Last year 74.5 million pounds of food was collected.
Forty-nine million, including 16 million children, live in households that experience hunger or the risk of hunger in our country.
"What we do is, today and tomorrow we'll be putting out paper bags in the mail for people to fill and when we come around on Saturday people don't have to worry about trying to have a bag. People just fill the bags and we'll come around and pick them up," said city Letter Carrier Dwayne Hall.
"We're doing it to benefit those in need and it makes you feel good because you're doing something to help other people. We get excited about this every year because it helps our community. Last year we collected way more than offices that are way bigger than Cleveland," said Hall.
"Every year this is something the city carriers do and want to do to give back to the community and help out. They take pride in this—especially the carriers here in Cleveland. We have some carriers who take annual leave to take part in this and carry it all down to Helping Hands. This is just another way of giving back to our community," said postmaster Lorenzo Terry.
In a press release by the NALC, NALC President Fredric Rolando said, "Participation in the drive couldn’t be easier. All we ask is that postal customers place a bag of nonperishable food by their mailbox before their letter carrier comes by on Saturday, May 10. We’ll pick it up and deliver it to a nearby food-distribution charity within that same community.”
The 2013 figure —the second highest achieved — brings to just under 1.3 billion pounds the total amount of food collected and distributed since the national drive began.
This event is the nation’s largest single-day food drive, and is held annually on the second Saturday in May in 10,000 cities and towns in all 50 states, the District of Columbia, Puerto Rico, the Virgin Islands and Guam.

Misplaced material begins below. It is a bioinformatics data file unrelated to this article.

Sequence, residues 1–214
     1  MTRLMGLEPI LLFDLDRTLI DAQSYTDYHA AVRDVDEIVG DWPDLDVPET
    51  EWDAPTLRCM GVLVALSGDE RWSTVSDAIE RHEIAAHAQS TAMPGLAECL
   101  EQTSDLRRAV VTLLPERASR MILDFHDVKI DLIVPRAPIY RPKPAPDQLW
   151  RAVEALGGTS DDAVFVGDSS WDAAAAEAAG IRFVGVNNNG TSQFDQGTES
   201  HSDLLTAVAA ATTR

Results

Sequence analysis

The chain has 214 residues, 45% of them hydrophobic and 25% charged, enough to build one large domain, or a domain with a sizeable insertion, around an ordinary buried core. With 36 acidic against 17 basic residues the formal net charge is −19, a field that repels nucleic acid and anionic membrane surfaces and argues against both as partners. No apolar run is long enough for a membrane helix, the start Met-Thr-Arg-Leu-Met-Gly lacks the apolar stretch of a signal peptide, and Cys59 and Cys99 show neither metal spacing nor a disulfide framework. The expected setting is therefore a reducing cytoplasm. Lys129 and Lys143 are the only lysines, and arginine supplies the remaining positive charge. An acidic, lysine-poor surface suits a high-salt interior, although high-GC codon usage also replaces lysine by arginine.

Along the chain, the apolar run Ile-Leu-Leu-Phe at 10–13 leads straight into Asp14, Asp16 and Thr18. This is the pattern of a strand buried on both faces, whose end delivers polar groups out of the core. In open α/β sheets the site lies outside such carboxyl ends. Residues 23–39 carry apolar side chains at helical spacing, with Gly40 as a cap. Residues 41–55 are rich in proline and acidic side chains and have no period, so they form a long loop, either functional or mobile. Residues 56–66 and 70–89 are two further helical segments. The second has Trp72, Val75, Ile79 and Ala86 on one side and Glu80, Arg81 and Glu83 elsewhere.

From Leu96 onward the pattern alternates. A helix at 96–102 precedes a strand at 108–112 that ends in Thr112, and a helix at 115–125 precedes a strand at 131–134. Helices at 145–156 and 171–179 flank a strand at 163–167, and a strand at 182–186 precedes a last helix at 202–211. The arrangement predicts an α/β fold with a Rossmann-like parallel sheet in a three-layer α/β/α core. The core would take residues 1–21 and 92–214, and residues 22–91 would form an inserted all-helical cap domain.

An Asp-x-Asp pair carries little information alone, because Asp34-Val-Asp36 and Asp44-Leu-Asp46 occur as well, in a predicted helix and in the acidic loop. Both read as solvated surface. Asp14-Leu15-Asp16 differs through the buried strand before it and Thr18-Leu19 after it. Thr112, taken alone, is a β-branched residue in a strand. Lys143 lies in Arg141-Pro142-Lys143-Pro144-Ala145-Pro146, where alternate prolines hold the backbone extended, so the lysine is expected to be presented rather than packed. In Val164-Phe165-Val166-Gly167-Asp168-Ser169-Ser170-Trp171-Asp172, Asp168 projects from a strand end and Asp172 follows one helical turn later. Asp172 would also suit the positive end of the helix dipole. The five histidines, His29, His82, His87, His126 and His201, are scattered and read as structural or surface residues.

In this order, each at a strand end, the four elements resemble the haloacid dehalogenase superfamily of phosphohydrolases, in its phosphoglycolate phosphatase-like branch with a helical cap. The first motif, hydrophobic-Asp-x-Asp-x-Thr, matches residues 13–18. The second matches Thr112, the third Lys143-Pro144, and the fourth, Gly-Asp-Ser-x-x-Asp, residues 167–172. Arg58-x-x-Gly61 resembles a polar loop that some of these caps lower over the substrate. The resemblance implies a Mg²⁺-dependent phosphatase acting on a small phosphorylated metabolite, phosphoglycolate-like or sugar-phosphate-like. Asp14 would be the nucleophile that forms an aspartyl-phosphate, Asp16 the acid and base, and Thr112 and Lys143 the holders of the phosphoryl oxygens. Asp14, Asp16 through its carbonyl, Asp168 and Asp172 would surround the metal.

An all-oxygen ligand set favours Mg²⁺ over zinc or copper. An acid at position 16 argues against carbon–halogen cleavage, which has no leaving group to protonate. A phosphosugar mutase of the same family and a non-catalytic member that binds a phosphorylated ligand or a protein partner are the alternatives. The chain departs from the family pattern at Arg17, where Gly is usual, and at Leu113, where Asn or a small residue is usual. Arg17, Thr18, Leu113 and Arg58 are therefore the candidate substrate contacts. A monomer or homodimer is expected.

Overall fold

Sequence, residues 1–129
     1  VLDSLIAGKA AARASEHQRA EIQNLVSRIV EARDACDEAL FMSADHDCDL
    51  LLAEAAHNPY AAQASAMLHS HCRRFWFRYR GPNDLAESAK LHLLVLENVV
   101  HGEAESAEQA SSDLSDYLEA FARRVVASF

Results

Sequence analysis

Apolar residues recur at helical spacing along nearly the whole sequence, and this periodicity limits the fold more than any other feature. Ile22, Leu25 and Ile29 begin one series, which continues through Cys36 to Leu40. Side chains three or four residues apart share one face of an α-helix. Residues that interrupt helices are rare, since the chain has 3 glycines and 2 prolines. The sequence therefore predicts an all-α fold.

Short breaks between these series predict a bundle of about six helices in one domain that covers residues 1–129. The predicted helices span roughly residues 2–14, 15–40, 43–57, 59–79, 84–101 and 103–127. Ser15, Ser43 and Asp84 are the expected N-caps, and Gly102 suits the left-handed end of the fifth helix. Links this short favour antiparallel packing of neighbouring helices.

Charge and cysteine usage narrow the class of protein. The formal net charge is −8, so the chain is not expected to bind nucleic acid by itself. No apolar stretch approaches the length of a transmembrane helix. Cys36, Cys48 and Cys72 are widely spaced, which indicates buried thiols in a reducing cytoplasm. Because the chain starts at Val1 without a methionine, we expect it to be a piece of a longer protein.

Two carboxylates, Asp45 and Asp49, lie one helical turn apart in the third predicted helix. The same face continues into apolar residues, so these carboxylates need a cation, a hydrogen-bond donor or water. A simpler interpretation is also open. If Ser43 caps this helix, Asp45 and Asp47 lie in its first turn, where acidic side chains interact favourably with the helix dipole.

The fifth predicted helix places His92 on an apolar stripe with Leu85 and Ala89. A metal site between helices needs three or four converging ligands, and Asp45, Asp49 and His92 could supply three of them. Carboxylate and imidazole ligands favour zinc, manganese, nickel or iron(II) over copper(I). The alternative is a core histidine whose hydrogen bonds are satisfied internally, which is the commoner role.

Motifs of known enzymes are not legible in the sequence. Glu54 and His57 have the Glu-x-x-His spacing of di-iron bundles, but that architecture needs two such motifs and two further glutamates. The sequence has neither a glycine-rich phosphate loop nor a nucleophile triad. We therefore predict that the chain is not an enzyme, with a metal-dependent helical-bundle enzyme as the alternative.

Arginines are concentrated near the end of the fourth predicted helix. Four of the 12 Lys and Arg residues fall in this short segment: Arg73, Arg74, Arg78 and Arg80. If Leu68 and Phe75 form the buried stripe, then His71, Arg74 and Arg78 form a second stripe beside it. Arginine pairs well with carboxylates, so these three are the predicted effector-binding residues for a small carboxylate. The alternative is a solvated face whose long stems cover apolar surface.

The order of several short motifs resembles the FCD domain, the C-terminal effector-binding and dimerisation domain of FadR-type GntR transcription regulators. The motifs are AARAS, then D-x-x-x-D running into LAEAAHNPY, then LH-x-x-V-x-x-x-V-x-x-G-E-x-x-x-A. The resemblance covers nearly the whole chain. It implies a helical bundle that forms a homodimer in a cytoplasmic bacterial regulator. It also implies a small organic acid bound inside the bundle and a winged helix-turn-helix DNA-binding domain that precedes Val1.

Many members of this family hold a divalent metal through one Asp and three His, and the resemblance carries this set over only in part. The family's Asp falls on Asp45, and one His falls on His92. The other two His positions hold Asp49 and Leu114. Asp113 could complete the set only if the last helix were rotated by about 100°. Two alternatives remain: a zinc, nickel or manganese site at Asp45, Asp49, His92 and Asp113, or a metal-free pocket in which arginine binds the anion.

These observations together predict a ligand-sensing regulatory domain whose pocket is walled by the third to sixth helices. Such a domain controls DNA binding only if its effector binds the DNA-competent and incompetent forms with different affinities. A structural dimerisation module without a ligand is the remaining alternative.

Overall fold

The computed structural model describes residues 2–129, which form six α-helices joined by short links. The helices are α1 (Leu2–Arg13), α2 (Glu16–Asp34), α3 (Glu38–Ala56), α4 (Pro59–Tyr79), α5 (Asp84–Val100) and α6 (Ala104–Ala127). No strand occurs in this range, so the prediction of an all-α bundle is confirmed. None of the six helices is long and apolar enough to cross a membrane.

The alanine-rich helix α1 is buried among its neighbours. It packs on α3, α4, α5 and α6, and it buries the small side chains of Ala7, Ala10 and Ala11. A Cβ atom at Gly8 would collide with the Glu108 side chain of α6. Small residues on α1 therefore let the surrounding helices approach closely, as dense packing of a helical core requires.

All people have to do to participate is place the bag provided by the postal service full of nonperishable food by their mailbox on Saturday to be picked up by their local mail carrier.
According to a press release by the NALC, the Stamp Out Hunger Food Drive never has been more important than in these times, with hunger a growing problem – affecting about 50 million people around the country, including 17 million children and nine million senior citizens. Pantry shelves filled up through winter-holiday generosity often are bare by late spring. And, with most school meal programs suspended during summer months, millions of children must find alternate sources of nutrition.
“The timing of the food drive is important, and that’s why we selected the second Saturday in May,” said Pam Donato, who coordinates the NALC’s Stamp Out Hunger effort.
On Saturday, the nation’s 175,000 letter carriers will collect the donations residents leave near their mail boxes, as they deliver mail.
People are encouraged to leave the provided bag containing non-perishable foods, such as canned soup, canned vegetables, canned meats and fish, pasta, rice or cereal, next to their mailbox before the regular mail delivery on Saturday.
Carriers will bring the food to local food banks, pantries or shelters, including many affiliated with Feeding America, a national partner in the drive.
Assisting 1,400 local NALC branches will be rural letter carriers and other postal employees, plus members of other unions and civic volunteers. Other national partners are Campbell Soup Co., AARP, Valpak Direct Marketing Systems, Valassis/Red Plum, the U.S. Postal Service, United Way Worldwide, the AFL-CIO, Uncle Bob's Self Storage, GLS Companies, Source Direct Plastics and the Publix grocery store chain.
For more information call the local post office at (662) 843-4032.